“The results show that high dose peanut oral immunotherapy provides meaningful benefit to treated children,” Professor Tang said. After 18 months of treatment, 74 percent of children who received the oral immunotherapy tolerated roughly a standard serve of peanut, equal to a snack pack of peanut M&Ms, 51 percent achieved clinical remission and were able to stop treatment altogether, while the remaining 24 percent were desensitized to this amount of peanut.”
“Addition of a probiotic did not significantly improve effectiveness compared to oral immunotherapy, however, it appeared to enhance tolerability of the treatment, with fewer gastrointestinal symptoms, especially in children between one and five years of age.”
The results also showed that treatment with oral immunotherapy, with or without a probiotic for childhood peanut allergy, provides a significant and substantial improvement in quality of life compared with current standard care, which is peanut avoidance.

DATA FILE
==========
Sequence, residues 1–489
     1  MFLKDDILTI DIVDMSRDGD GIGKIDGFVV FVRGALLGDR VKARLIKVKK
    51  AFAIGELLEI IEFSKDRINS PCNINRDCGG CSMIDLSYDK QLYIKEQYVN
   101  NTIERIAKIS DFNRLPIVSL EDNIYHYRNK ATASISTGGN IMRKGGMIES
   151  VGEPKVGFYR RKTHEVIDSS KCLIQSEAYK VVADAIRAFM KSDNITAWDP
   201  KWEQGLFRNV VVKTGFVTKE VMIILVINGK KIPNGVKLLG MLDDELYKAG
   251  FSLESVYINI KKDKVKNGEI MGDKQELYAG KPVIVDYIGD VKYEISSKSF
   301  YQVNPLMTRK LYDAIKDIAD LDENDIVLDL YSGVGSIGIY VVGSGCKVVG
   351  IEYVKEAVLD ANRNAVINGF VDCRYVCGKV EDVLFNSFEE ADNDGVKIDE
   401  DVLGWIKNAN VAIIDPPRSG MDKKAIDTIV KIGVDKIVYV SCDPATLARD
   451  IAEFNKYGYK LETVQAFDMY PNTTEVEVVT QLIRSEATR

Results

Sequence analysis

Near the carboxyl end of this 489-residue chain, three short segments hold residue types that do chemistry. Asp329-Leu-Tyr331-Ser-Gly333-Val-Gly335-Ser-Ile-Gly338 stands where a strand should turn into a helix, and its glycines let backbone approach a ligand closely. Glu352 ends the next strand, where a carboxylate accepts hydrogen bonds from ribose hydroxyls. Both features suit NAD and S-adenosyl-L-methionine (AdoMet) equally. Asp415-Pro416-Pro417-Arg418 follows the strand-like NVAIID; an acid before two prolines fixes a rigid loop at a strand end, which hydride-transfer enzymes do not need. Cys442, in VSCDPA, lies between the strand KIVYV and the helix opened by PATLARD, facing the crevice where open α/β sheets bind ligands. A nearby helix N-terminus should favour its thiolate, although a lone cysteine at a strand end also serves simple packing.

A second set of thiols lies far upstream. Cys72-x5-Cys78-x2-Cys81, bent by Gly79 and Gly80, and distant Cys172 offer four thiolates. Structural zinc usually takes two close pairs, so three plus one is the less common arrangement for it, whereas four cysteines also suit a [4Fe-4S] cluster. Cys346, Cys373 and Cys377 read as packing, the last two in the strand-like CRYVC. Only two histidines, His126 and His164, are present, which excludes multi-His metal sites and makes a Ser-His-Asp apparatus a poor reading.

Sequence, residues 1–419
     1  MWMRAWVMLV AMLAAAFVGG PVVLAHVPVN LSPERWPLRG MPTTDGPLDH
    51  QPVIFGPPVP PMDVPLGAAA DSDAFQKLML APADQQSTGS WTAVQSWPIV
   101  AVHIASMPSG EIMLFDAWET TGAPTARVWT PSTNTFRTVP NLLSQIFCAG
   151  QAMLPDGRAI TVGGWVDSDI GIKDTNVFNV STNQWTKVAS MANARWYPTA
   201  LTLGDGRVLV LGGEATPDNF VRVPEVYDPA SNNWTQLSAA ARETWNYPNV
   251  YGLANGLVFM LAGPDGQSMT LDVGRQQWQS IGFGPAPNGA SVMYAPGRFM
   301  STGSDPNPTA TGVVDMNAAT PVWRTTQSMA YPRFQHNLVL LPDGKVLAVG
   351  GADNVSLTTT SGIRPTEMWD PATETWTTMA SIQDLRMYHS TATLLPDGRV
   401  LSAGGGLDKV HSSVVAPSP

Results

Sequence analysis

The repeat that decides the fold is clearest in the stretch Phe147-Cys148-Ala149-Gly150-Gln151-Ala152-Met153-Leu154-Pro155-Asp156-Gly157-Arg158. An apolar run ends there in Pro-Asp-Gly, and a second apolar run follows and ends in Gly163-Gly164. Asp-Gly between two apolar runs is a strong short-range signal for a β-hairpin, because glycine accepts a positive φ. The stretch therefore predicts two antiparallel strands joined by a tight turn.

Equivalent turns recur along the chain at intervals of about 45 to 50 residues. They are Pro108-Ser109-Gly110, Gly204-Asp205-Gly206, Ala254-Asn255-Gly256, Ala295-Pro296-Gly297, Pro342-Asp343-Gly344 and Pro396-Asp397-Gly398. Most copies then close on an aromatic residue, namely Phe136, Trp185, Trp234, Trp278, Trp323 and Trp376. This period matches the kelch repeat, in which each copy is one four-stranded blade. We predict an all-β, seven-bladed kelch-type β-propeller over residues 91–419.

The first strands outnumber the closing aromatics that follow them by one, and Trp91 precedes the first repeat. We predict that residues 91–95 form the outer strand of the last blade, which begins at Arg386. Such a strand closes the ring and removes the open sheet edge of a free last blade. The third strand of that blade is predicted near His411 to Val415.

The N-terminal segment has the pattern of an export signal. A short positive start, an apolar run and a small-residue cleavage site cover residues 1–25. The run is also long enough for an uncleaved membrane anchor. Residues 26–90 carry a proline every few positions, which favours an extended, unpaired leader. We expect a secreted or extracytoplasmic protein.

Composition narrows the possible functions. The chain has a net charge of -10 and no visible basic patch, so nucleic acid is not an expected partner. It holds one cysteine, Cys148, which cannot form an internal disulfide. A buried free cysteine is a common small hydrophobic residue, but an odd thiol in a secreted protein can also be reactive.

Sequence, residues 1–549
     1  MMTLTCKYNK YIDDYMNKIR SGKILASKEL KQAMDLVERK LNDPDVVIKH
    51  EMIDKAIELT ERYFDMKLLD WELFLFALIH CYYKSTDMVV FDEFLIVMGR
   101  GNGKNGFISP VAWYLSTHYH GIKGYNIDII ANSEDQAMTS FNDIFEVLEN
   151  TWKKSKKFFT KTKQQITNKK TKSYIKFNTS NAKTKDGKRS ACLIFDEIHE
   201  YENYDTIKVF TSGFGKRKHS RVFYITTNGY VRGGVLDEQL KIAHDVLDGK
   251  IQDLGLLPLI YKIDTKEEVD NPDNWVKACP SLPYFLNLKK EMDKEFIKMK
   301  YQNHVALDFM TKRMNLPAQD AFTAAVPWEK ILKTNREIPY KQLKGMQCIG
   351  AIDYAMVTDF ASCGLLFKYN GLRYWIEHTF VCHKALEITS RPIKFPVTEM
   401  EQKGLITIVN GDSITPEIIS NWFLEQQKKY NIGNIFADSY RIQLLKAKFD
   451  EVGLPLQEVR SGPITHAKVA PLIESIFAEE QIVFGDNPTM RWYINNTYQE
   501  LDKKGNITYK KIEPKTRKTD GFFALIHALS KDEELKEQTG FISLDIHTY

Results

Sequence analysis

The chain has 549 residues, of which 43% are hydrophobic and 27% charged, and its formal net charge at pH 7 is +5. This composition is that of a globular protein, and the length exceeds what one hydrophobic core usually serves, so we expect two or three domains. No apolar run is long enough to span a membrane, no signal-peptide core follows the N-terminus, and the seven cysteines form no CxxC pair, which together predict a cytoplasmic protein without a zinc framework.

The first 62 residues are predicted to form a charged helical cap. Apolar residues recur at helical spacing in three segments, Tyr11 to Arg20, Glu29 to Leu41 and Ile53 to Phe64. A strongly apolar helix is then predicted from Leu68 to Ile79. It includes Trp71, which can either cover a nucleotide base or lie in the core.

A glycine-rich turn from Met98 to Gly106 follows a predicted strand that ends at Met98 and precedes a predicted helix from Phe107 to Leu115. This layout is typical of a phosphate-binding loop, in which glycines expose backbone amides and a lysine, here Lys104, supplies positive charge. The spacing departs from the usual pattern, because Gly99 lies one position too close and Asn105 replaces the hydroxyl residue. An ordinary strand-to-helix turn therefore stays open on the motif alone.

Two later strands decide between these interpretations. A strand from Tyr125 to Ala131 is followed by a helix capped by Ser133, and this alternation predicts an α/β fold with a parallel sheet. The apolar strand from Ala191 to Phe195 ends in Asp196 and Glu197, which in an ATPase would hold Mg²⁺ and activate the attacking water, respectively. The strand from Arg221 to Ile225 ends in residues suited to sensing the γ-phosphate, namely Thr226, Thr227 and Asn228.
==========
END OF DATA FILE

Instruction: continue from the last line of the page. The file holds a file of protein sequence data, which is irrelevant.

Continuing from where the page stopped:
MCRI Dr. Paxton Loke said remarkably 99 percent of children who achieved remission and ceased treatment were eating peanuts as frequently as they liked in the 12 months after stopping treatment.
“Children who were in clinical remission had fewer reactions to peanut compared with those who were just desensitized,” he said.
“Being desensitized still requires continued daily treatment and allergen avoidance so remission appears to be a better outcome for children. Importantly, children in remission had a significantly improved quality of life compared with allergic children, suggesting that no longer having to avoid peanut provides greater benefit than continued allergen avoidance despite the risk of a possible reaction.”
The peanut oral immunotherapy approach used in the trial applies a proprietary high dose, rapid escalation regimen that is being developed by Prota Therapeutics as a lead candidate for the treatment of peanut allergy, PRT120. Prota Therapeutics is an Australian biotech company, focused on bringing its allergy immunotherapy treatment for children with life-threatening peanut allergies to market.